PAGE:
This is the “Defense of the Future”. Basically any target you attack (b/c there will be so many targets, you need self-control), will be expecting that and will locate you and….(just spread the cheeks). SO, attacking people will become less practical b/c there won’t be any windows for it. AND, finally, humanity can focus on being a single race and we can hopefully expand in the solar system and improve our morality and be a positive influence on nature.

Basically, I want attackers to think “nothing’s happening”; when in fact they’re getting raped (b/c I only attack Known attackers, and I verify b/c I currently have no life besides putting attackers in their little place b/c “No, you are weak”.). If you aren’t attacking, you don’t need to think about me getting real deep in you. True Defenders always are stronger and smarter b/c they can predict your stupid attack b/c they’ve dealt w/ all kinds of sick attacks and can w/ patterns put you in a box.

Attackers of the future will be less curious b/c they know what will be waiting for them when they act. Thus they need more space; so hopefully they learn morals and act appropriately or humans spread filth in the universe (which is a terribly humbling thought).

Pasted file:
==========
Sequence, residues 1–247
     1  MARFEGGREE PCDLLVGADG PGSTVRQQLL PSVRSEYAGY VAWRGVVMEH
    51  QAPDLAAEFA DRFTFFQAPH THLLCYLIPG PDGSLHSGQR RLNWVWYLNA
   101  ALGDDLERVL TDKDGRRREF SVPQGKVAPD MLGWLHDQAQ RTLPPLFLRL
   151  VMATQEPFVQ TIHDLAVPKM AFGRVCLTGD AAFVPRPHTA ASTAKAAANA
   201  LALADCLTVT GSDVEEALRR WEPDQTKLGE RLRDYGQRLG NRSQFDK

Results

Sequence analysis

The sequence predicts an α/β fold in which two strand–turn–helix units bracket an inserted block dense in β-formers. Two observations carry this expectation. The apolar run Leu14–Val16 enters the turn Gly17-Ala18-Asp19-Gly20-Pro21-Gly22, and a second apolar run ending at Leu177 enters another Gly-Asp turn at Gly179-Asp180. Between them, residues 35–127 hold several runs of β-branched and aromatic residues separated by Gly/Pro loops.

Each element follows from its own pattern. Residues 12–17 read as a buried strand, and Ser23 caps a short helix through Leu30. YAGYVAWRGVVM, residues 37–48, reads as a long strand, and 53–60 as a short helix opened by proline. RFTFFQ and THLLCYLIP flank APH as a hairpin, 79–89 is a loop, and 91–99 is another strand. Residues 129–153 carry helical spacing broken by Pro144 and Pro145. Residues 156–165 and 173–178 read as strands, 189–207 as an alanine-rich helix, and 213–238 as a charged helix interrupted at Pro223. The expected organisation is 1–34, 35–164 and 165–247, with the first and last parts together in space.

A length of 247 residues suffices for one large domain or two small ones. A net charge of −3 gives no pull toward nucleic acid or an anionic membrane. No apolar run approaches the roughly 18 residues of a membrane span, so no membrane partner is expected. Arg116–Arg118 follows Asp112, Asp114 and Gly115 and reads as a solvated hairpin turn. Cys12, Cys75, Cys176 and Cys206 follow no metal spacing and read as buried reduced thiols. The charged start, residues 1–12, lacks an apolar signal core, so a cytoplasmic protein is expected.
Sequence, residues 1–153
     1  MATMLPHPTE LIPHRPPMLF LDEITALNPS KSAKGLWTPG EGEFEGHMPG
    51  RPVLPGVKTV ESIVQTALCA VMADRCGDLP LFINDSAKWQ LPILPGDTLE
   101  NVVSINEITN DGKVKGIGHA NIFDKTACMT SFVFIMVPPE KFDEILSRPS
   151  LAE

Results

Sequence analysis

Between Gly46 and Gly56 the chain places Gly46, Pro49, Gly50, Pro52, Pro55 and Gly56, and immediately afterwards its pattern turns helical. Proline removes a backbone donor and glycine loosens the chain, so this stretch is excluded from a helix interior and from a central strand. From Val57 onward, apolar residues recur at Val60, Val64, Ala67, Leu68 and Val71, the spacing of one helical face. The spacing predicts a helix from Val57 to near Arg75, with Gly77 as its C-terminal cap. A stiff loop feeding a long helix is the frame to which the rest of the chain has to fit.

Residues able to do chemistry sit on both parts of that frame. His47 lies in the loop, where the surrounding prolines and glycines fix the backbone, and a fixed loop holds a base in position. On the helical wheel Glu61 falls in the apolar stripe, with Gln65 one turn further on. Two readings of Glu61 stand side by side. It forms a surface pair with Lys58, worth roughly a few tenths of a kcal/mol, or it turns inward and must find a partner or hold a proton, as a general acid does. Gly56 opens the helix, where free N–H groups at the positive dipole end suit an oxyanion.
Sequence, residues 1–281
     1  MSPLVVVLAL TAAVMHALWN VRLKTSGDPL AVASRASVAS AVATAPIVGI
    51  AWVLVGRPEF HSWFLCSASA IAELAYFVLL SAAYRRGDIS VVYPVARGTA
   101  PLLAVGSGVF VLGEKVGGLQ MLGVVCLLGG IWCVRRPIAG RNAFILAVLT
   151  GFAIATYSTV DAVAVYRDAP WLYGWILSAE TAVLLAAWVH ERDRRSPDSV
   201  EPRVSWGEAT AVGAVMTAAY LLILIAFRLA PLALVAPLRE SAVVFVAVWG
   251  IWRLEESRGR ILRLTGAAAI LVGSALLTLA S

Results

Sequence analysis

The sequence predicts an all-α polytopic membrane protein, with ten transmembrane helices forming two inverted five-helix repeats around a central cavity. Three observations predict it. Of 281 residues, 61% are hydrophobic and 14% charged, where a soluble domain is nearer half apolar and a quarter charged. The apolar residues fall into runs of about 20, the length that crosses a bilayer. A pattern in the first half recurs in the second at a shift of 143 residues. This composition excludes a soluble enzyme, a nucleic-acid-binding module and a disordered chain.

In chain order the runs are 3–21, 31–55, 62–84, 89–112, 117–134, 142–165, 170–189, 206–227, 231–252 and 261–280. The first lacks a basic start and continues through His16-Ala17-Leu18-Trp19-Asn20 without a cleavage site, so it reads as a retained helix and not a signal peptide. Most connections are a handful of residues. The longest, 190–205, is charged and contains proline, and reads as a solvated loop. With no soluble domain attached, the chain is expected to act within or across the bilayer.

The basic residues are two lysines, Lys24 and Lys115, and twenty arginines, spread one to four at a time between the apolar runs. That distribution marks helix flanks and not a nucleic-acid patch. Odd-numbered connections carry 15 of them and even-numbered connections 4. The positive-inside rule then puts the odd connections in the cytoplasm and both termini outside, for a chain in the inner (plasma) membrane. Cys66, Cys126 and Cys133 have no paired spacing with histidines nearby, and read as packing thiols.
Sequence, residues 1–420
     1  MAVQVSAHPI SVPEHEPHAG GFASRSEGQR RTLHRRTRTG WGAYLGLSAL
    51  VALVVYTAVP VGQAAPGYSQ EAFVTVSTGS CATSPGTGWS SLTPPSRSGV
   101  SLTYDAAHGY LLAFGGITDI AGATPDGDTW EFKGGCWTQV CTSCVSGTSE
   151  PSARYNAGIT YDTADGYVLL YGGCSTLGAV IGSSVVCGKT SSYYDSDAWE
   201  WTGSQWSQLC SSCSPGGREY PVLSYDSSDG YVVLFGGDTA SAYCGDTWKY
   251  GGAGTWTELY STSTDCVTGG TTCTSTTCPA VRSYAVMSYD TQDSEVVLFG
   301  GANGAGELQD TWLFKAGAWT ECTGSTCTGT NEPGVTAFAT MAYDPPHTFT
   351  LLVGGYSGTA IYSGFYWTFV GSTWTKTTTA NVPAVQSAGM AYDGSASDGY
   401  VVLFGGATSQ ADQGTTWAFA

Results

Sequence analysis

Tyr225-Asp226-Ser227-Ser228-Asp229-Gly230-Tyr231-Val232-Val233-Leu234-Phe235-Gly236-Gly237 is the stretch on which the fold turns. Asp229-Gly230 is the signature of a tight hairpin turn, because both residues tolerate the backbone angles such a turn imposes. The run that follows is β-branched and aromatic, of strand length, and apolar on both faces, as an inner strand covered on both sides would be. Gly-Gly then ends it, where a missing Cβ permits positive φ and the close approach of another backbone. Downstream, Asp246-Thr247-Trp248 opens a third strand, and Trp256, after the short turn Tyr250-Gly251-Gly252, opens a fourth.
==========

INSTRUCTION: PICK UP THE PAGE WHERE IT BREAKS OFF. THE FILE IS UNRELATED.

@Bob T
–The heli-fail was hilarious; seriously I can always rely on nerds to make me really laugh (like: heehaw, like a donkey).

dandraka March 19, 2013 3:56 AM

@Richard Masoner

If I was the pilot, I would be afraid that they would shoot me after landing.

Miguel Farah March 19, 2013 6:14 AM

There was a similar escape in Chile in December 1996. Several members of a terrorist group were in the local “maximum security” jail. Other members of the same group stole a helicopter and flew to the jail, descending low enough for a custom-built shielded basket hanging from the helicopter with heavy-duty ropes, allowing the inmates to hop in and fly away. The operation was quick – quick enough for two of the escapees to not be able to actually hop in – they had to hang to the side of the basket, but had the luck of not getting shot.